But if you can't march around singing kumbaya, what are you going to do? There are a number of options, few of which have been tried. Banging pans at a fixed hour of the night is a tried and true protest technique that demonstrates and encourages opposition, but makes it hard for the authorities to figure out just who is opposing them. The Arab variation is Allahu akbar called out for 15 minutes every evening. A Libyan who helped organize the revolutionary takeover of Tripoli explained to me that their effort began with hundreds of empty mosques playing the call to prayer, recorded on CDs, at an odd hour over their loudspeakers. A general strike gives clear political signals and makes it hard for the authorities to punish all those involved. Coordinated graffiti, marking sidewalks with identical symbols, wearing of the national flag -- consult Gene Sharp's 198 methods for more.
The point is to demonstrate wide participation, mock the authorities, and deprive them of their capacity to generate fear. When I studied Arabic in Damascus a few years ago, I asked an experienced agitator friend about the efficacy of the security forces. She said they were lousy. "What keeps everyone in line?" I asked. "Fear," she replied. If the oppositions resorts to violence, it helps the authorities: by responding with sometimes random violence, they hope to re-instill fear.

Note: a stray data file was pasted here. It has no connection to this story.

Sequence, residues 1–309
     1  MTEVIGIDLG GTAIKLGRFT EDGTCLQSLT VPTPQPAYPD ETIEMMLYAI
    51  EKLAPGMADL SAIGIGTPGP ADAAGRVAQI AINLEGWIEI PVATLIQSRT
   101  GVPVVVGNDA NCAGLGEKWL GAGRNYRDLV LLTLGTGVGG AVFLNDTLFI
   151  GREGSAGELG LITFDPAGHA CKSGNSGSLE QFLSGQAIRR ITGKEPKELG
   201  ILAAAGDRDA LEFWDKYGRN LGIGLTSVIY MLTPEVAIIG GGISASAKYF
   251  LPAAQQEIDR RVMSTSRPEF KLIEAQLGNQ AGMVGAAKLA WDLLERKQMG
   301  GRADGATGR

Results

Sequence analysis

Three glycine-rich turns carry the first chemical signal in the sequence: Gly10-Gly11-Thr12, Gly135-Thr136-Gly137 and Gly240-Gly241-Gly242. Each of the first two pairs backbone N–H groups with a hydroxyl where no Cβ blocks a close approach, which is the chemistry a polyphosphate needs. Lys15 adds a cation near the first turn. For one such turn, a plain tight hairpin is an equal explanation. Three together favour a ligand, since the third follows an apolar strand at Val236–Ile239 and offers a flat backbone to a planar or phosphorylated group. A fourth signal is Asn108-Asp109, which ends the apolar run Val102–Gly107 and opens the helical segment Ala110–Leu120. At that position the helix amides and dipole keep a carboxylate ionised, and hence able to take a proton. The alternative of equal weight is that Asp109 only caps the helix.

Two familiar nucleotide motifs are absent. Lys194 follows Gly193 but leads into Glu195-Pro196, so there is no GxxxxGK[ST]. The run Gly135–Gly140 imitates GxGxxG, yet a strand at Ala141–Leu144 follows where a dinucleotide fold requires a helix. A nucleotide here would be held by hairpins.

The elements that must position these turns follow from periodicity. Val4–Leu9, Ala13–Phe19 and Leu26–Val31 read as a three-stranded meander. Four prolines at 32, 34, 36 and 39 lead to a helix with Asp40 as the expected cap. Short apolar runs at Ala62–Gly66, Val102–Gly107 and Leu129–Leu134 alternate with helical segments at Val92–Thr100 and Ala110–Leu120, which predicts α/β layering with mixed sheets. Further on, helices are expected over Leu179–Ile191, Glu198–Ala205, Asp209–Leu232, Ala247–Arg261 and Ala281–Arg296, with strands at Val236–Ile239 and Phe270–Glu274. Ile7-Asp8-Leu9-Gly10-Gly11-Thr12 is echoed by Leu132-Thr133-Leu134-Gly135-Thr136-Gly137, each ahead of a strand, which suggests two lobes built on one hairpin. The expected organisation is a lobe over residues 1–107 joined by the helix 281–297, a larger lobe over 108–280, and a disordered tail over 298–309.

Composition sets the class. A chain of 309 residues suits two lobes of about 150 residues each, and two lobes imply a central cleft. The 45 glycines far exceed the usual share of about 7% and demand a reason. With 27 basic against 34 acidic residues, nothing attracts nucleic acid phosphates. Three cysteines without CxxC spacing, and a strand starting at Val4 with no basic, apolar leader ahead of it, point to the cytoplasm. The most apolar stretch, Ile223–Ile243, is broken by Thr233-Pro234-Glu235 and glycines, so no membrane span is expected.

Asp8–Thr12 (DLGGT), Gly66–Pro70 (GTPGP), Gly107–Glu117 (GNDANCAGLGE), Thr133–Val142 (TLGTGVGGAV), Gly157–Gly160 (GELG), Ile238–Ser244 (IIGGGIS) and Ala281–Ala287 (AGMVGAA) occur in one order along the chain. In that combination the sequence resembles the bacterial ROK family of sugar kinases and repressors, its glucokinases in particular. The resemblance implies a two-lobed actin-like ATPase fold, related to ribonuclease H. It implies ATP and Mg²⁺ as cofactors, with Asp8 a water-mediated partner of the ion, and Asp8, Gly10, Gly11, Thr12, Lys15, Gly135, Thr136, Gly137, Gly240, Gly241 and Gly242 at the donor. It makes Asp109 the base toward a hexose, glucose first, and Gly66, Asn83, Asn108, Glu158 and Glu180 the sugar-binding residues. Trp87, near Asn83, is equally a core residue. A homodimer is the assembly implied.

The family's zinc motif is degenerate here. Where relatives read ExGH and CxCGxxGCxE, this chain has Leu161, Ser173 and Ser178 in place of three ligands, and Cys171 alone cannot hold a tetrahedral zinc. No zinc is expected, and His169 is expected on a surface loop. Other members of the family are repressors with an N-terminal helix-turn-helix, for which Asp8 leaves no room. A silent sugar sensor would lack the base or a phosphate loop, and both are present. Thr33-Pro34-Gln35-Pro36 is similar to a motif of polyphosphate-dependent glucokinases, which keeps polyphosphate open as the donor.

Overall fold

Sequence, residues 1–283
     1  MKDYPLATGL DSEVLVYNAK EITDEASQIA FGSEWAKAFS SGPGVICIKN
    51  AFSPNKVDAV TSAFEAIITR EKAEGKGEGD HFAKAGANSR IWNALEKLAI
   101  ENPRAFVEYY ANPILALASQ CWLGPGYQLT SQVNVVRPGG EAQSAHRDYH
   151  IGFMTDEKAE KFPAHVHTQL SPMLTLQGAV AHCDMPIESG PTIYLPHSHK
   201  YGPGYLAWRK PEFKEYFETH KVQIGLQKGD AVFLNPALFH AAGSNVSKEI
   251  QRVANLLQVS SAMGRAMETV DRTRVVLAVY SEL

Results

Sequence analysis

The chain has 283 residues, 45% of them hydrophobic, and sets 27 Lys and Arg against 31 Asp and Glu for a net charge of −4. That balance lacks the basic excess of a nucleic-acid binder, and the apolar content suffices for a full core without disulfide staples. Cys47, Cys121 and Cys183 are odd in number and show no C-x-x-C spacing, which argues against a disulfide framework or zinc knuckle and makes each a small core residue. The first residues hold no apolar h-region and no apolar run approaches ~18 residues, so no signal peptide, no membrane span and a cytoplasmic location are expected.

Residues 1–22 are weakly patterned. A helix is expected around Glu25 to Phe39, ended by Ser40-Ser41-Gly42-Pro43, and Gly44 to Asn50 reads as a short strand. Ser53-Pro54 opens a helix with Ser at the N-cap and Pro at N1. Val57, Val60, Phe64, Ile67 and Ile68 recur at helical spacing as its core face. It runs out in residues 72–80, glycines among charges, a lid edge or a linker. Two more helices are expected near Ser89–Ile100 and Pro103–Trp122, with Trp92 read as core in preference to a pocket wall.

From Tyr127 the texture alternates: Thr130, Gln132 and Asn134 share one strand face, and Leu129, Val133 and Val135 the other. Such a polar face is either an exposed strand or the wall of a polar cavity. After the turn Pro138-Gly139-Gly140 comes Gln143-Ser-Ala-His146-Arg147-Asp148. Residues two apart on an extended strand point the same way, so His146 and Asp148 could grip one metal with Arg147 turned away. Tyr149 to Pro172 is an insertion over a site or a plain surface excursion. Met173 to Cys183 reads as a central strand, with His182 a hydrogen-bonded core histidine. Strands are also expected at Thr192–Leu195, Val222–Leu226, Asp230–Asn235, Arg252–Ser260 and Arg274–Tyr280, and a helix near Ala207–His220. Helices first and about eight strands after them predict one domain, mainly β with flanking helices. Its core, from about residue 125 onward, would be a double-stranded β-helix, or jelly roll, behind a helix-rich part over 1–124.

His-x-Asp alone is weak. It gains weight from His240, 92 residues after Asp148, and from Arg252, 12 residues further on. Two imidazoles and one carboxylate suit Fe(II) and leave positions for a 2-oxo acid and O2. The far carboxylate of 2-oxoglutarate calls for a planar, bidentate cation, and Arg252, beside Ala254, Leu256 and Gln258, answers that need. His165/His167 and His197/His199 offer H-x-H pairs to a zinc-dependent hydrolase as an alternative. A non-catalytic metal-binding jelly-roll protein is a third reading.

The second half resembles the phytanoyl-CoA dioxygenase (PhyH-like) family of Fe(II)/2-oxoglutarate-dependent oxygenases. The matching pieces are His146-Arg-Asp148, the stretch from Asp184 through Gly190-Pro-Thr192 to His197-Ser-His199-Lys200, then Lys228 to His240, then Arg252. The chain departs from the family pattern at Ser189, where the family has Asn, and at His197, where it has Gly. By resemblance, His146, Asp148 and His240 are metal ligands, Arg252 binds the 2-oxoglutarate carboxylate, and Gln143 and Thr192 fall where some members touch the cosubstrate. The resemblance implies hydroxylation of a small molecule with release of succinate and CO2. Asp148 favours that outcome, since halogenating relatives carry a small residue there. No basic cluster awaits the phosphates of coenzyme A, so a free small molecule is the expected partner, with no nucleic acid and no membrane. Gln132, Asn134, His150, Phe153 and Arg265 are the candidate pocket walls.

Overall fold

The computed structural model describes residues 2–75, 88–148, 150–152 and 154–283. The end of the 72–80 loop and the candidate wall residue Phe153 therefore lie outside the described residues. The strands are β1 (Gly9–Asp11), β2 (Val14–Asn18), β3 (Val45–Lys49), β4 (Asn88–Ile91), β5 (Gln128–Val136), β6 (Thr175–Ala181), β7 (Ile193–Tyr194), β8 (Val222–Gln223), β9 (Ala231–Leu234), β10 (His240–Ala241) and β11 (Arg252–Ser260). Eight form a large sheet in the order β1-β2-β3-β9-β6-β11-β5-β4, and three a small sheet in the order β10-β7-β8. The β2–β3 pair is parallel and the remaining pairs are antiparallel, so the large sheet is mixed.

Could the Syrians return to nonviolence after everything that's happened? As long as they are hoping for foreign intervention or foreign arms, it's not likely. Steve Heydemann, my former colleague at the United States Institute of Peace, recently suggested on PBS Newshour that we need a "framework" for arming the opposition that would establish civilian control over Free Syria Army. This is a bad idea if you have any hope of getting back to nonviolence, as it taints the civilians, making even the nonviolent complicit in the violence. It's also unlikely to work: forming an army during a battle is not much easier than building your airplane as you head down the runway.
What is needed now is an effort to calm the situation in Homs, Hama, Deraa, and other conflict spots. Russian Foreign Minister Sergei Lavrov, who is visiting Damascus, could help. The continuing assault on Homs and other population centers is a major diplomatic embarrassment to Moscow. The opposition should ask for a ceasefire and the return of the Arab League observers, who clearly had a moderating influence on the activities of the regime. And, this time around, they should be beefed up with UN human rights observers.
If the violence continues to spiral, the regime is going to win. They are better armed and better organized. The Syrian revolt could come to look like the Iranian street demonstrations of 2009, or more likely the bloody Shia revolt in Iraq in 1991, or the Muslim Brotherhood uprising in Hama in 1982, which ended with the regime killing thousands. There is nothing inevitable about the fall of this or any other regime -- that is little more than a White House talking point. What will make it inevitable is strategic thinking, careful planning, and nonviolent discipline. Yes, even now.